It may get better in a few weeks when he gets his groove on at school. As long as the teacher isn't calling home about it I would say wait and see. In a couple more weeks he may be more settled in and more ready to focus, granted the issues with his grandparents health aren't overwhelming him.

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hi Brink

 

I havent noticed the probs with spelling but so agree it sounds like he is having stress induced tics/behavior issues.

 

the routine of school/homework is real hard for some kids and especially for one used to a homeschool schedule. my son has always struggled really hard with early mornings

 

have you considered maybe reducing the melatonin dose some? if I take more than 300 MICROgrams it leaves me mega groggy in the mornings.

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Re the spelling...

 

there is something called stealth dyslexia (a term coined by Drs. Brock and Fernette Eide) http://mislabeledchild.com/html/Library/Dy...h_dyslexia2.htm : (below is a quote from their website, I added the bold)

 

Another tip-off to the presence of stealth dyslexia is the presence of spelling difficulties in a child's written output that are far out of character with either their general language, working memory, or attention skills. While these children are sometimes able to score within age norms on multiple-choice tests of spelling recognition, or even on weekly tests of spelling words that study carefully for, they essentially always show significant and surprising deficits when they try to spell words from memory.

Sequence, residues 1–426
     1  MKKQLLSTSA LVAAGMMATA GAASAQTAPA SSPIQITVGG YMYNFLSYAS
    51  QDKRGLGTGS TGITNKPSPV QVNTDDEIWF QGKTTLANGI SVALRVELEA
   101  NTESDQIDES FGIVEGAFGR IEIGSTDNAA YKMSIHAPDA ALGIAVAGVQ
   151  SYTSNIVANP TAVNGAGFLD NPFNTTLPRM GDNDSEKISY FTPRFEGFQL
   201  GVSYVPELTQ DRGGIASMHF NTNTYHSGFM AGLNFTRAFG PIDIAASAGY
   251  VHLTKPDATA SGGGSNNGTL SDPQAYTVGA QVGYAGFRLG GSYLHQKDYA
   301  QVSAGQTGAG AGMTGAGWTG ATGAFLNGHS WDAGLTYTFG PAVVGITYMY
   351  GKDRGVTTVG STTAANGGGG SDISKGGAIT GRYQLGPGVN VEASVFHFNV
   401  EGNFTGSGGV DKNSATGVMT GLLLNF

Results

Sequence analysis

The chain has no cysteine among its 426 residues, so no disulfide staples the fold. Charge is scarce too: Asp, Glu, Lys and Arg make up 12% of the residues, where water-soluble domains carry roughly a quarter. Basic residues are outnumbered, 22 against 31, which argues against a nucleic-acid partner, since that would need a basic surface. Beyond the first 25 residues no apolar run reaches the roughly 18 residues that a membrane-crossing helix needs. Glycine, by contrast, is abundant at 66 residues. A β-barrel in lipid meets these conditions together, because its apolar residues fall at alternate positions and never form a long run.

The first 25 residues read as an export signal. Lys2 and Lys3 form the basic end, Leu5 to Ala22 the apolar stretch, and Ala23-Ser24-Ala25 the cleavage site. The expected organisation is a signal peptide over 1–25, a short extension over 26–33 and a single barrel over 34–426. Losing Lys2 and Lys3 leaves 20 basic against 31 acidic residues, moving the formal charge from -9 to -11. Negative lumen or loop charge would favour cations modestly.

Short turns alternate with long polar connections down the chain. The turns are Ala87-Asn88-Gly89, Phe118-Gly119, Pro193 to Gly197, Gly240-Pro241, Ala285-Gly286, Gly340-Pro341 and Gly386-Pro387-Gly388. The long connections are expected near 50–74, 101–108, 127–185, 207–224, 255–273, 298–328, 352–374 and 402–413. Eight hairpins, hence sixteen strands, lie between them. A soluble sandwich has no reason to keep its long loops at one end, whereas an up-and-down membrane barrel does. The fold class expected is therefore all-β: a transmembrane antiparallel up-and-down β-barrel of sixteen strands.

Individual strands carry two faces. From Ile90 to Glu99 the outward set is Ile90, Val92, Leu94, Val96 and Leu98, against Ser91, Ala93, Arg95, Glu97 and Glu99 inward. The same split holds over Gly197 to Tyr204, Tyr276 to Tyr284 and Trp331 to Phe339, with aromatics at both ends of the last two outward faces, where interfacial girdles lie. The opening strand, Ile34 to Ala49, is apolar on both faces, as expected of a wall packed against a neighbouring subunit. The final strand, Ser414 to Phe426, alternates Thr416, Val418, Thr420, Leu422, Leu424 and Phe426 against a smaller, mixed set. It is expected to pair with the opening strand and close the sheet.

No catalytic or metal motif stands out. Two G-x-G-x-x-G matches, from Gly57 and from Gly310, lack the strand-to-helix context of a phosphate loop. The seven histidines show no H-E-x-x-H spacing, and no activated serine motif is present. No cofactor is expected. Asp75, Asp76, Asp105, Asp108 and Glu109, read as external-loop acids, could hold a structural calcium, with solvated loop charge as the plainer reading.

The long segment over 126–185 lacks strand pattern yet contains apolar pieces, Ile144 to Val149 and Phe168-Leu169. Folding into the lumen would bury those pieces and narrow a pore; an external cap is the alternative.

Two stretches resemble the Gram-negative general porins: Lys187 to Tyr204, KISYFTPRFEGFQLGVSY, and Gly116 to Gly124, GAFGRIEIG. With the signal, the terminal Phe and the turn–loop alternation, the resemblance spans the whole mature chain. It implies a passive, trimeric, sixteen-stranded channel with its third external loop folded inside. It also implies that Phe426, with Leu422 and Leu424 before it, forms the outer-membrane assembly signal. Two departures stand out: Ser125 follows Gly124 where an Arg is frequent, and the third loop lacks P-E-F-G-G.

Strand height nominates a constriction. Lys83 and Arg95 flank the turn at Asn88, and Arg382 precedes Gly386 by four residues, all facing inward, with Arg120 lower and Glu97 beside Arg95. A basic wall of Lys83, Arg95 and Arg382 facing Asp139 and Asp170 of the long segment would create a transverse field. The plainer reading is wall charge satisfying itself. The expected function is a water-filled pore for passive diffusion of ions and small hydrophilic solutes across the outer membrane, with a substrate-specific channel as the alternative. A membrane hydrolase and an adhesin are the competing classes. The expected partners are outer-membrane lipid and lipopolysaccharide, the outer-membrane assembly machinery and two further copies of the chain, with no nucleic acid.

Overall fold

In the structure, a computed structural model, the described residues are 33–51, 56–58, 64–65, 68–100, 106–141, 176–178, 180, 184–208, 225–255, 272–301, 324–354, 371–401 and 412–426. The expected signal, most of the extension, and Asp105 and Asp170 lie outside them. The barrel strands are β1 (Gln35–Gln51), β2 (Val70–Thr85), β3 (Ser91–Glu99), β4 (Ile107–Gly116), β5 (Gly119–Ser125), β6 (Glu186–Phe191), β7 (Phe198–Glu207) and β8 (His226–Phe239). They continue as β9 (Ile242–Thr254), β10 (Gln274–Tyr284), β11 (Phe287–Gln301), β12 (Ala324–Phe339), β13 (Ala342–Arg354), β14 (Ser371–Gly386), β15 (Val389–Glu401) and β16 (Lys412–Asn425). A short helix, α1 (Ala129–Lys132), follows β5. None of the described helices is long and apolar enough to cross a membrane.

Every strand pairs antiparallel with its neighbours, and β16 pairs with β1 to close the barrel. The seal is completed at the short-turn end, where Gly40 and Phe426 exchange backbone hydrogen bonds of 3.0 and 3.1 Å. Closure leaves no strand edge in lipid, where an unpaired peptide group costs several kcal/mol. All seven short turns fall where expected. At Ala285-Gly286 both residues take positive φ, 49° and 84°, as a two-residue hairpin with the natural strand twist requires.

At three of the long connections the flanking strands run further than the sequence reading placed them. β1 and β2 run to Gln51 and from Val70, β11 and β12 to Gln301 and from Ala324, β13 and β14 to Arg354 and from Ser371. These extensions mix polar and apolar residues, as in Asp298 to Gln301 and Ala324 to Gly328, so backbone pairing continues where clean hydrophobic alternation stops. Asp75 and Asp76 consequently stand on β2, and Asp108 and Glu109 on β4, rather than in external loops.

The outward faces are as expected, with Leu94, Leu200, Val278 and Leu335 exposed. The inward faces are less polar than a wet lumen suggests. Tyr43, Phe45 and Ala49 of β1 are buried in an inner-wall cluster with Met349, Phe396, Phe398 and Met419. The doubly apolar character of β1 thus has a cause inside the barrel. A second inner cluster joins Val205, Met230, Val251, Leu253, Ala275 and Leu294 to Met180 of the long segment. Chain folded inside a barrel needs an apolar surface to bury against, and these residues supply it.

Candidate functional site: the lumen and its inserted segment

These children are intellectually gifted (high IQ) but dyslexic. Because of their giftedness, they are able to compensate for their reading problems (they can read well silently and often enjoy reading) and their dyslexia may go undiagnosed....their giftedness masks their dyslexia and their dyslexia masks their giftedness. For whatever reason, it is much more difficult for these children to compensate for their spelling problems.

 

Anyway, something to consider?

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Thank you for your replies. The stealth dyslexia sounds like it could be a fit. I'm going to do some more reading about it and ask his doctor about it.

 

As for the fear of someone dying, yes, it's possible, however we've been dealing with a lot of tihs for 3 years. He's a sensitive kid, but he hasn't seemed out of the ordinary with any of this. I do agree that the school stressors are probably aggravating things.

 

I just got an email from his other main teacher and she said he's very respectful, actively participates in class and is for the most part a very happy and fun to be with kid. This helps ease my mind at least as fas as he's behaving in school.

 

The melatonin thing, yes it's possible that we could reduce the dosage and will try that. He's been on this dose all through the summer and was getting up at 6 on his own most days. Occasionally, he'd get up at 7 or later but he's always been an early bird. It does make sense though because once he's up and going, he's fine.